Below is our recent interview with Irad Eichler, the Founder & CEO at Circles:
Q: Could you provide our readers with a brief introduction to Circles?
A: Circles is an online platform that creates “circles of support” for people experiencing life challenges.
Circles enables everyone dealing with a life challenge to receive on-demand quality emotional support 24/7 – from the very people going through the same thing. We harness technology to design the best support solution for people facing chronic and acute illness, divorce, loss of a loved one, loneliness, and those who live with anxiety, depression, and other mental health conditions.
Since the launch of Circles, 1000+ groups have already formed validating the need that people need help and feel better connecting with others that face the same challenges.
Q: Irad, what inspired you to start Circles?
A: Eight years ago, I lost my mother to cancer, and before I lost her, I spent a lot of time sitting and talking with her. In the last few months, she told me that it didn’t really help [her] because she feels lonely. She knew that I loved and cared about her but I didn’t know what it is like to be dying.
Two days after she told me that, I overheard her speaking with a friend of hers that had cancer as well. My mother was vivid, alive and happy. I was overwhelmed by the differences between her conversation with me and her conversation with a friend who had “walked a mile in her shoes”.
Shortly thereafter, I lost my mom and I was dealing with heartache and grief. During this time, I had this realization that the most impactful support I received was from my siblings and others that had lost their parents due to their ability to relate to this experience. I went out and I was looking for a go-to place, a place for people dealing with any kind of emotional challenge. And there wasn’t any. Therefore, I set out to create one of my own, and Circles was born.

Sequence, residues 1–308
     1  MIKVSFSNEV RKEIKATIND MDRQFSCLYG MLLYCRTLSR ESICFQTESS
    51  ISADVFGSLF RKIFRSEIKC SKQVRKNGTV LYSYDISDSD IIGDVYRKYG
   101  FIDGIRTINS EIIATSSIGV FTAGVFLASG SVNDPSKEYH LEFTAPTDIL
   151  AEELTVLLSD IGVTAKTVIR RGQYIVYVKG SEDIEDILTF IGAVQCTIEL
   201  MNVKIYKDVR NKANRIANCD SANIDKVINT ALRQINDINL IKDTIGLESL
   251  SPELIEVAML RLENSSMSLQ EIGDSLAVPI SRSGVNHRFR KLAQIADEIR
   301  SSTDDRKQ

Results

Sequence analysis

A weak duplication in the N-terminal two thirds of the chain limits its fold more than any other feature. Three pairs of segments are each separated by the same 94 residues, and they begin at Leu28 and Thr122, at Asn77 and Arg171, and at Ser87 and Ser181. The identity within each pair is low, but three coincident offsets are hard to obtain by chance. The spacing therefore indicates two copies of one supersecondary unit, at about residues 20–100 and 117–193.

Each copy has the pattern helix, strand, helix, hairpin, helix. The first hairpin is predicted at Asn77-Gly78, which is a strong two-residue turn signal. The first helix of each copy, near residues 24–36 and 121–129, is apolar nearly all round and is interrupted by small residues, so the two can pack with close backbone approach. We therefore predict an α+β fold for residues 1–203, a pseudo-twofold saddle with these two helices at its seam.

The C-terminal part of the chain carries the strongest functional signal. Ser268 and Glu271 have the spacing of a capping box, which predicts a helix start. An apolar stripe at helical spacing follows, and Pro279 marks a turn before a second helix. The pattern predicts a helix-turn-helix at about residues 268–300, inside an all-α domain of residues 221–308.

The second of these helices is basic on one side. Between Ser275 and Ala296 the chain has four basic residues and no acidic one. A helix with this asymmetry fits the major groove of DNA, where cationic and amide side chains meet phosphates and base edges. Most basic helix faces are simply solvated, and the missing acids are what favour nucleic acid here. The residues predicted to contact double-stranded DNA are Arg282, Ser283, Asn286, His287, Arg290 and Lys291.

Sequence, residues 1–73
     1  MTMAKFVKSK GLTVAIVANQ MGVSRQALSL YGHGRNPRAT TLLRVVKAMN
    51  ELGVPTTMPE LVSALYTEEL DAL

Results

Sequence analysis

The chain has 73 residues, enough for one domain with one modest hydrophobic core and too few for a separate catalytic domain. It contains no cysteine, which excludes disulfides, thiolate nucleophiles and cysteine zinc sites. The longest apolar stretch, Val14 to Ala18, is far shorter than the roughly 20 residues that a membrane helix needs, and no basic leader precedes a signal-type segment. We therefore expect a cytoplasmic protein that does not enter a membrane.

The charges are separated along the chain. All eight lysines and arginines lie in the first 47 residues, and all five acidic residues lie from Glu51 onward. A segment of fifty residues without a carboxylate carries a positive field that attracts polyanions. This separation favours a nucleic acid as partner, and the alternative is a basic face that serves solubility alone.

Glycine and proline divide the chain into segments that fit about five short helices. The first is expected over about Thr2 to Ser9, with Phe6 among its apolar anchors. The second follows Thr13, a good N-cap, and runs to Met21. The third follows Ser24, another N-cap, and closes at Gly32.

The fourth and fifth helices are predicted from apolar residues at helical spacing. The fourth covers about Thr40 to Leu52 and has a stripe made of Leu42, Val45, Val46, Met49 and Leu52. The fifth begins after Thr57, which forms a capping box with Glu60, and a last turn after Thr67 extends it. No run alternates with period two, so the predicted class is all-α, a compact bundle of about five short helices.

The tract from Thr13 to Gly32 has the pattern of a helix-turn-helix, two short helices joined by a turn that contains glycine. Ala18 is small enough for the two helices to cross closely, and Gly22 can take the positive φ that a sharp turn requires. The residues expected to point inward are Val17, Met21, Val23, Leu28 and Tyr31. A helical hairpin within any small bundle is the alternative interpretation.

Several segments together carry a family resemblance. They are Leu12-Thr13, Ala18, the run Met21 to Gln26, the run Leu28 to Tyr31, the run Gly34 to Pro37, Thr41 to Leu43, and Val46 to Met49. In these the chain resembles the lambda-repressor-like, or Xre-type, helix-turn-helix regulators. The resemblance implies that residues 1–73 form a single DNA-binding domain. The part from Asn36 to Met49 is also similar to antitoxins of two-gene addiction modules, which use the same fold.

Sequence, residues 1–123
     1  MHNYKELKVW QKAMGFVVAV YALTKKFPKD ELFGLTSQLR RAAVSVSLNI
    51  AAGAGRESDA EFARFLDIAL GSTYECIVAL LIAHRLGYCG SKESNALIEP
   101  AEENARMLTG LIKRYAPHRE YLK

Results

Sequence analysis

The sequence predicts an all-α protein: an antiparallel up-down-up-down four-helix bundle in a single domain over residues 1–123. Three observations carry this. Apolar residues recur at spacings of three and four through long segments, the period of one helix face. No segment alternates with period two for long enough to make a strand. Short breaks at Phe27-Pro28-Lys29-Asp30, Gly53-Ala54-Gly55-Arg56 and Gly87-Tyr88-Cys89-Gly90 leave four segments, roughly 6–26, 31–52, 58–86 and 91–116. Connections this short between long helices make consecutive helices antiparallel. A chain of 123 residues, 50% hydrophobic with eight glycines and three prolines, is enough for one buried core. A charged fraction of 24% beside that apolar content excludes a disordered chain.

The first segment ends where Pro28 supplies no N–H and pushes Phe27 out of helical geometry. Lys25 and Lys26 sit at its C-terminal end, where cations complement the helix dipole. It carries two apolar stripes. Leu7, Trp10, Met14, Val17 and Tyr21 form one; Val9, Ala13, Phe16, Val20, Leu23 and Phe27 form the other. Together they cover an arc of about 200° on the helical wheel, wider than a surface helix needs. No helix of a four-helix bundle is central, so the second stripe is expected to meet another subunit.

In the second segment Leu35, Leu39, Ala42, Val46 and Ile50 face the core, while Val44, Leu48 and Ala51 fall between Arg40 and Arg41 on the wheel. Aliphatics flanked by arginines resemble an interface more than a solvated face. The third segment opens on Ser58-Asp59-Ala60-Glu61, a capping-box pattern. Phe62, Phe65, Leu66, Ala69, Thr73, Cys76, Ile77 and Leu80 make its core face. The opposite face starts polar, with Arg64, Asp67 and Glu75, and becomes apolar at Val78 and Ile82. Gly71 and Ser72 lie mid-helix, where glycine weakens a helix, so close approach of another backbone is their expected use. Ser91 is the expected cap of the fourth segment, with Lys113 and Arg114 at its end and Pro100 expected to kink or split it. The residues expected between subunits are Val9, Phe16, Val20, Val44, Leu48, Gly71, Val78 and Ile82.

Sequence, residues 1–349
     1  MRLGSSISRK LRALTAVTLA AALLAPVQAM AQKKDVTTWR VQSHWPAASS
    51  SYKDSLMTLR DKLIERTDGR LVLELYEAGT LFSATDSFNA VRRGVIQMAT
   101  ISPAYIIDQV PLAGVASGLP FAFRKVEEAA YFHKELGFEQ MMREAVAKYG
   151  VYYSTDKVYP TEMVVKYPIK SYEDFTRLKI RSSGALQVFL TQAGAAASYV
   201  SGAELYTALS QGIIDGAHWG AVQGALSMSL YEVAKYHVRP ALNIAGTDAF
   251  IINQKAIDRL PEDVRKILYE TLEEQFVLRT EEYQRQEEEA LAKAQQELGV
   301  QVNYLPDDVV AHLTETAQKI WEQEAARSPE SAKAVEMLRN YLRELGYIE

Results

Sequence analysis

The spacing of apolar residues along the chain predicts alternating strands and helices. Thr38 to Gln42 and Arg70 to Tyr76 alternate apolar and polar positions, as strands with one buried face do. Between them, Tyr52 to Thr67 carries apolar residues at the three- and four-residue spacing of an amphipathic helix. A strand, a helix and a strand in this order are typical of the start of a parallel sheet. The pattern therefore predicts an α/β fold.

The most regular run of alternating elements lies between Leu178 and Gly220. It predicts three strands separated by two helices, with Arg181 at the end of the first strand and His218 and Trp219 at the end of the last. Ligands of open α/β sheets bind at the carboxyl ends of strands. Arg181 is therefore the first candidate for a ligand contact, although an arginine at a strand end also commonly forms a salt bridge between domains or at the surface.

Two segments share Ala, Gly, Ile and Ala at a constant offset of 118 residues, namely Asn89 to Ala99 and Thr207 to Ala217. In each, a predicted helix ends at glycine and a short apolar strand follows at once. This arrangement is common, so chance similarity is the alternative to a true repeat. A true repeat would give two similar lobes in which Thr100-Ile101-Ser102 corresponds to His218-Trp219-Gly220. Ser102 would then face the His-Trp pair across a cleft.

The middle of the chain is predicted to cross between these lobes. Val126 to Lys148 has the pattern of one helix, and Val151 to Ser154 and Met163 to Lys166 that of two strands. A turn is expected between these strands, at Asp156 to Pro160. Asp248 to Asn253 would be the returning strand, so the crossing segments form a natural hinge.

Q: How exactly do Circles support groups work?
A: Circles only offers one type of support: peer-based group support.
Anyone can start and participate in a group from the Circles App. Signup only requires a first name and groups are audio only. A group can be organized around any topic or area of struggle, such as divorce, loss, infertility, or navigating civilian life after the military. We equip group facilitators with tools to ensure success, so that it is an effective support group and not just a freefall conversation.
Q: Why is this approach to e-therapy a better alternative to traditional therapy?
A: I would not say Circles is always a better alternative to traditional therapy but it opens up a powerful new path for support vs meeting one-on-one with a licensed therapist. Unlike traditional therapy, Circles fills a void by focusing on the therapeutic value of sharing and listening to others with the same pain, issue, or challenge. This provides a place for those who may not need professional therapy as well as functions as a complement to professional therapy. The Surgeon General just sounded the alarm on loneliness. We have become disconnected and when you are going through a challenging time, you may feel more isolated. Circles is really about creating community around shared issues, and equipping participants to grieve and heal together in a safe space.
Q: The U.S. surgeon general just said that widespread loneliness in the U.S. is the latest public health epidemic, with about half of U.S. adults stating that they’ve experienced this feeling personally. What are some of the support trends you are seeing on Circles? What type of support is growing the fastest this year?
A: We experience a huge demand from different kinds of people and challenges on Circles. Loneliness, for example, is a growing phenomenon for people from all walks of life. The pandemic has deepened an epidemic of loneliness and we should all be concerned. However, in general, we find that people come to Circles to validate their feelings and find meaning in the circles of support. Two of the fastest growing areas of support on our platform are narcissistic relationships and caregiving. Another emerging trend we are seeing is people with disabilities supporting others with the same disability.